The countries of London are everywhere.
Fluid and untraceable, they permeate the city like a layer of oxygen.
Without them, the city will suffocate.
To the observant, each country reveals its patterns, with time.
The perception of each country is forged by a myriad signs. But no one, not even the ones paying attention see them all at once.
The important thing though, is to see.
In the tube.
Down the escalator, bursts of culture on the walls calling: Lion King, The Book of Mormon, Aladdin, VA, the Tate, Southbank Center.
They grasp at the attention of those carried down into airless stuffy corridors into airless stuffy platforms into carriages with destroyed air.
No other distractions but the roaringwhistlinghowling of the tunnel and the dead air outside sliced through by the train.
If the journey allows time to observe it is possible to see the signs.
Two men facing each other on blue speckled seats worn by millions of bodies. The leather of their boots impeccable despite the wear. They smell of tobacco and fresh cologne.
Casually they lean forward, exchanging words. Their mouths move but it’s their hands doing the talking. A conversation evoked through fingers and palms. Their gestures sound words in danger of being drowned out.
Fragments of conversation drop in and out, riding currents of sound. The hands do not cease to cultivate meaning. All along they’re there, playing their significant part.
One of London’s countries, a moment captured in the tunnels.
Oxford street at its busiest negates personal space, turning side walks into human material.
Shoppers plunge across the street to plunder retail on the other side. Consumed by John Lewis, Selfridges and House of Frazer, inside, they exchange one value for another.
A constant stream of wreckless crossings frightens slow moving double deckers and squarish black cabs into paralysis.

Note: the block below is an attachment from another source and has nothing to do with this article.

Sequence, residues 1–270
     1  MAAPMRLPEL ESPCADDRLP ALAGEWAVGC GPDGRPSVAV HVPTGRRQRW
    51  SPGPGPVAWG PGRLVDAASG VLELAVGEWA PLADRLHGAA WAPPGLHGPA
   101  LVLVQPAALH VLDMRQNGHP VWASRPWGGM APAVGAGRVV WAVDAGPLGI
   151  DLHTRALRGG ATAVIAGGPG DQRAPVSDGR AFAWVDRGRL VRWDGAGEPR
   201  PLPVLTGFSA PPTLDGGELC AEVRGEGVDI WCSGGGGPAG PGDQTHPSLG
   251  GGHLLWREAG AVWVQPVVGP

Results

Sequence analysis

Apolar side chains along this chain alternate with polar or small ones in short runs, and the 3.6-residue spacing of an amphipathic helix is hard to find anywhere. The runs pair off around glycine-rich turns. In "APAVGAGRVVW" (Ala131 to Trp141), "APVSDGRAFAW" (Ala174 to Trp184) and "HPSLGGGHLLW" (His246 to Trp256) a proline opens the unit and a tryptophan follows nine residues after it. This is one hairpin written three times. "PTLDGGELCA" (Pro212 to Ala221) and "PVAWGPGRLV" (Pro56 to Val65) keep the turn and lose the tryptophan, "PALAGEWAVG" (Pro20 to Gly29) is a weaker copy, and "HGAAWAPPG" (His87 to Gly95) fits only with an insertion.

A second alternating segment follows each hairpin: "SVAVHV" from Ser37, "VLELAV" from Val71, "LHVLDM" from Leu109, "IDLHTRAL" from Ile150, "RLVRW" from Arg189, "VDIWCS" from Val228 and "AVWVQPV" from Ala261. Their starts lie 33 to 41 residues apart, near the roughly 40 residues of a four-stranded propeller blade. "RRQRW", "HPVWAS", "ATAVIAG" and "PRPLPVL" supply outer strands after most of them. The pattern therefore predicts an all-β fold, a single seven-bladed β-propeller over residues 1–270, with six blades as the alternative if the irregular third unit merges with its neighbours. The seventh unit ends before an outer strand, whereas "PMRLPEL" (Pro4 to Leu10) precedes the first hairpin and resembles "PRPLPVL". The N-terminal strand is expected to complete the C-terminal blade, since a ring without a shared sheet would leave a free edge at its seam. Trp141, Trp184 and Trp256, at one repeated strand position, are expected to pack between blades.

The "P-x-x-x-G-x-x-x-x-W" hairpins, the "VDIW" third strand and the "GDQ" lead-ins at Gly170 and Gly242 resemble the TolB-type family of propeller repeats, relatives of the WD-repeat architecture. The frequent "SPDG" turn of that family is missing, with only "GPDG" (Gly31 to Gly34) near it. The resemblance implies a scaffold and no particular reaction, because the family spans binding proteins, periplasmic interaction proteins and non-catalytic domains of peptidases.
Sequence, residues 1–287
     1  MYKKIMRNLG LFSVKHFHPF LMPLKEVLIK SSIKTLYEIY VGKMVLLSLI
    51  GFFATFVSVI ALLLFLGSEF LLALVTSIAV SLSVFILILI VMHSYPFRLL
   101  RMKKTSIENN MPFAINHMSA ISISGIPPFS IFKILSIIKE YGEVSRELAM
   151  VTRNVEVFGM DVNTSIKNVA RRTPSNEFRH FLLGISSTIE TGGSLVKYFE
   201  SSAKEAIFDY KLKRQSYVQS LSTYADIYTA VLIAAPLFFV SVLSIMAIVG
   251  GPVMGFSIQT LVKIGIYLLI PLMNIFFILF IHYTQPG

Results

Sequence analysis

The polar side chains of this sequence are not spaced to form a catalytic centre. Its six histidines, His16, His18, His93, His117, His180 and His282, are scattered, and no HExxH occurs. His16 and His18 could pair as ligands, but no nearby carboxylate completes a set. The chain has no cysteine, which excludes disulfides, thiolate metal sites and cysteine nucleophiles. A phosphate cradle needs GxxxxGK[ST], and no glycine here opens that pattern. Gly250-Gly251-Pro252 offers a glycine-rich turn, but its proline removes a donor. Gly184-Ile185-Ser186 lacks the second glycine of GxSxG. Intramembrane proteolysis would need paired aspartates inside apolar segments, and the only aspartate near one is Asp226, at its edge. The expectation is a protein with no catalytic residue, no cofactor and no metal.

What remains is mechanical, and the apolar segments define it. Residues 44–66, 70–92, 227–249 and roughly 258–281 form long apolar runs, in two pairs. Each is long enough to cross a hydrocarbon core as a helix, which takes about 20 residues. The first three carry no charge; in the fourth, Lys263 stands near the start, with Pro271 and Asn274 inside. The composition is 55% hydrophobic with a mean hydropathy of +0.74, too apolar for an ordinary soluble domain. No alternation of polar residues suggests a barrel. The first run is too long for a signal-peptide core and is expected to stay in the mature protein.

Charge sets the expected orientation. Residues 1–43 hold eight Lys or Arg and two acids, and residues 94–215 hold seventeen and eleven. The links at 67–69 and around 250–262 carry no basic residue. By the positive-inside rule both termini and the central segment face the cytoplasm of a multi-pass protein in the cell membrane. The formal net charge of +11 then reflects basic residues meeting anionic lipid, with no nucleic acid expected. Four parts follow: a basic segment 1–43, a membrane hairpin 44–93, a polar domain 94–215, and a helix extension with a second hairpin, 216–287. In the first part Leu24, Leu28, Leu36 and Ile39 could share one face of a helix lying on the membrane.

But relentlessly the human chaos goes on.
A woman flickers amongst it, embracing a red Desigual bag, heavy twisting hair undisturbed by the rush or the absence of space.
Her perfume trails behind her like a long scarf.
Within the layers of scent – Gaudi, Las Ramblas, a breeze from the Mediterranean.
The perfume is crisp and untouched as if she carries the bottle with her to revive it each time it fades.
Perfume that holds and carries a world within it.
A glimpse. Another sign.
At Finsbury Park, where the movements of hustlers and strugglers have sharp edges and air smells like need.
A place where people shaped flocks fly into Lidl to buy up cheap fruit and staples of flour, sugar and tea and where shoplifting attempts, shoplifting denials, shoplifting escapes make them poised for flight again.
Away from the dread and the need and moments of violence is Blackstock road.
There amongst halal butchers and pastry shops selling baklava, halva and kahk, men gather after dark.
At Med Sweets, the storefront is warm with honeydew glow from the lamps and it draws the men.
Inside they drink bitterly black coffee and eat sweets and talk.
Outside in the square pocket of light they smoke strong tobacco and talk.
The place they occupy on the side walk is as real as the shop itself. It has form, a shape created by their presence.
Pedestrians feel it. They step off onto the curb to pass as if physically prevented from intruding.
Every day the men are there at Med Sweets following an unspoken discipline, a self imposed constraint. This unshakeable ritual of smoke, coffee and conversation grounds them. They talk to each other with a keen focus, sincere eagerness to hear and be heard.
During the brief moments when they are silent, their faces are fulfilled.
And it is a sign too….
The countries of London are all around. Transcending events, opinions, politics, doubts and certainty.